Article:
My city has had rent control, which keeps getting stricter, for 4 years. CA recently passed rent control for the state. Must use actual, not market, rents in appraisals. Very, very difficult to appraise. 3 weeks ago I decided not to do them any more.

But, last week a family was thinking about selling their 4 unit property. I pre-screened them. If it had low rents, I don’t know who would buy it. Fortunately the rents were around 80% of market. They wanted to know if it was good time to sell. I told them I would let them know, then do the appraisal. Not a good market now.

I met one of the owners this week at the inspection. He brought a copy of the 2005 date of death appraisal and asked for an “update” or an “evaluation”, for a lower fee, which his sisters requested. I told him I could not do it and did not know any licensed appraiser who would do it. And told him to use a local real estate agent for free. I doubt if they would recommend not listing now as I speak with them regularly at open houses.

Appraisal Humor

Appraisal business tips

Top Ten Reasons Why It Is Great to be an Appraiser Humor(Opens in a new browser tab)

To read about lots more appraisal topics, continue reading below!

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Tax records and Square Footage in Appraisals

13516718 – white wood texture with natural patterns

Tax Records is not the definitive source for square footage!

By Ryan Lundquist

Excerpt:

Why is the appraiser saying it’s only 1,400 sq ft? Tax Records shows the home is 600 sq ft larger. This issue comes up ALL the time, so let’s talk about it. Tax records and Square Footage in Appraisals is a hot topic.

The truth: The Assessor’s records are generally reliable, but I’m just saying sometimes they’re not. Why is this? At times it’s as simple as the original builder not turning in accurate information when a house was built. Or maybe an owner took out permits but official records were never updated. Of course we’ve all seen instances where the tax roll shows two units on one lot, but there’s really just one house nowadays. Let’s not forget sometimes owners do an addition without permits, so the Assessor might actually be correct even though the house is technically larger or has even sold on MLS as a larger home. For reference, here are ten reasons why an appraiser’s sketch might be different.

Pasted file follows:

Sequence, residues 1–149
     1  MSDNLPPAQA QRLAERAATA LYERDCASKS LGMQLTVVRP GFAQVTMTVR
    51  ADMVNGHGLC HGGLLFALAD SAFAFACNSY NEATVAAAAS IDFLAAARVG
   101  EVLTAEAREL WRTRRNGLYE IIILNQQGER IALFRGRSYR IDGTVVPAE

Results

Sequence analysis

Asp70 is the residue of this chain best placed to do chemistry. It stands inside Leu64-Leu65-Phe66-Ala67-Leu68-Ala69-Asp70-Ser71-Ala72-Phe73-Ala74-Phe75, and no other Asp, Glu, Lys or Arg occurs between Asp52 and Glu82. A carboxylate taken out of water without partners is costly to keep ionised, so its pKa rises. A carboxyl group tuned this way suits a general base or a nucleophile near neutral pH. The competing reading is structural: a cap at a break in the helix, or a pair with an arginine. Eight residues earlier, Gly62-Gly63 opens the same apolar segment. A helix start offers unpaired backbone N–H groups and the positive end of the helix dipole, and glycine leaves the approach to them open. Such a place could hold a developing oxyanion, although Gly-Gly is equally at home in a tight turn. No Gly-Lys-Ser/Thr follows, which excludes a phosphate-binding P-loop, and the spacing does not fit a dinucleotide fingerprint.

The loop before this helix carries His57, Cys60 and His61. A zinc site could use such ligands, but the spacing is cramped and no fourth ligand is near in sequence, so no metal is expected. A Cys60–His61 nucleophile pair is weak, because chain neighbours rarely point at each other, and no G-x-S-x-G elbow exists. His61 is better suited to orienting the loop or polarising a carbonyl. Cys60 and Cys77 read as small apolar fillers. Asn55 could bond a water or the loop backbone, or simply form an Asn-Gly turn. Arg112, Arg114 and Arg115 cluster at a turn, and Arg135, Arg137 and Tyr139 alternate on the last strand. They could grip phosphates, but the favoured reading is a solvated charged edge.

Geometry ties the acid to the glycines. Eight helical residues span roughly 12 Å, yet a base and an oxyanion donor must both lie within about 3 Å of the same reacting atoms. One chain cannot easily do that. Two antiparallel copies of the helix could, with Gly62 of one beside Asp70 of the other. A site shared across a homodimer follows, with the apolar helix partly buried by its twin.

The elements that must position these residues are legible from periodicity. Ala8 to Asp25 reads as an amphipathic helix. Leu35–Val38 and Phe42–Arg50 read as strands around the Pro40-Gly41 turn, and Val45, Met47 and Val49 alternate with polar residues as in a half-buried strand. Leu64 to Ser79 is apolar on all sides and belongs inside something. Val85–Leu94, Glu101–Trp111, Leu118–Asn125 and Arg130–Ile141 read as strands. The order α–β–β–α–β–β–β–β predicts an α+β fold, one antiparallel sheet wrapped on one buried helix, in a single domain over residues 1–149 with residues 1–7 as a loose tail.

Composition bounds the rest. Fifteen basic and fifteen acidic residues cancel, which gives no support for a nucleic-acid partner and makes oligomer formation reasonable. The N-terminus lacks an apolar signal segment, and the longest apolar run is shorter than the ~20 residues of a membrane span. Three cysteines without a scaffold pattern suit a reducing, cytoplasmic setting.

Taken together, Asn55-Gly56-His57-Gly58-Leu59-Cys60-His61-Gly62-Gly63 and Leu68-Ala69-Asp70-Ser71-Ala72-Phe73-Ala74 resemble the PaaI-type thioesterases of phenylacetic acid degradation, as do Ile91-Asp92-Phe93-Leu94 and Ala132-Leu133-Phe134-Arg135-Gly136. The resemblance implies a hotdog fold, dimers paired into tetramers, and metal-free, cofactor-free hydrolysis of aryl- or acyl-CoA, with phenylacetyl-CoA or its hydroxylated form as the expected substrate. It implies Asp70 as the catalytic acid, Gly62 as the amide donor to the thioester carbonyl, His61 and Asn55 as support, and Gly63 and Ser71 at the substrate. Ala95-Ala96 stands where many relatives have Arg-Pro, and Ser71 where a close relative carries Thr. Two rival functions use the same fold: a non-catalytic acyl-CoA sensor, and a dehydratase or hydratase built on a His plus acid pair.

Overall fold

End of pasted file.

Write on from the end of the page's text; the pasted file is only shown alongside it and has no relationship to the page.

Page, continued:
For lots of comments and more info, click here

My comment: This one of the main reasons that AVMs will never be very successful for all homes. Over and over again, statistical analysis shows GLA is the most important physical feature overall.

Also, how bedrooms are determined varies a lot, depending on the local market and can vary over time. The assessor number of bedrooms may not match the appraiser’s. For example, tandem rooms. Finished basements can vary also.

I started appraising at a CA assessor’s office in 1976. In CA, State Board of Equalization regulated county assessors offices, so the procedures and terminology are very similar all over the state. However, GLA from the assessor may have different requirements than other sources, such as ANSI.

Proposition 13 passed in 1979, which only allowed an annual 2% increase in assessment per year, unless there was a sale or improvements (determined by permits). Over time, the information has become more and more out of date.

Data is not available for smaller counties if the assessor says it is confidential. Until the 90s, my county did not release any data, so I had to “guesstimate” on square footage for sales and listings. We finally got it when an MAI was elected assessor.

In the early 90s, I researched assessors records around the country. In some small rural counties the records were kept at the assessor’s home. They were not digitized and available for purchase by data companies.

Appraisers need to know which areas are not accurate. Sometimes GLA is “political”. Within a city, accuracy can vary. In my city the least accurate records are in the “Gold Coast” with many of the city’s larger, historic homes. In other nearby cities, some properties have low GLAs to keep the property taxes lower.

Appraisal Humor

Appraisal business tips

What is Included in Appraisal Square Footage?(Opens in a new browser tab)

How accurate is the reported square footage from the tax records in your primary service area?(Opens in a new browser tab)

10 reasons why public records and the appraiser’s square footage can differ(Opens in a new browser tab)

To read about lots more appraisal topics, continue reading below!

 

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Are Human Appraisers Being Phased Out?

Are Human Appraisers Being Phased Out? Federal Regulators Vote to Loosen Requirements

Excerpt: What’s that drone doing hovering over a property?

Soon that sight may be the norm on homes for sale.

The days of human appraisers may be coming to an end for homes priced under $400,000, if regulation proposed by the Office of the Comptroller of the Currency, the Federal Deposit Insurance Corp. and the Federal Reserve gets approved.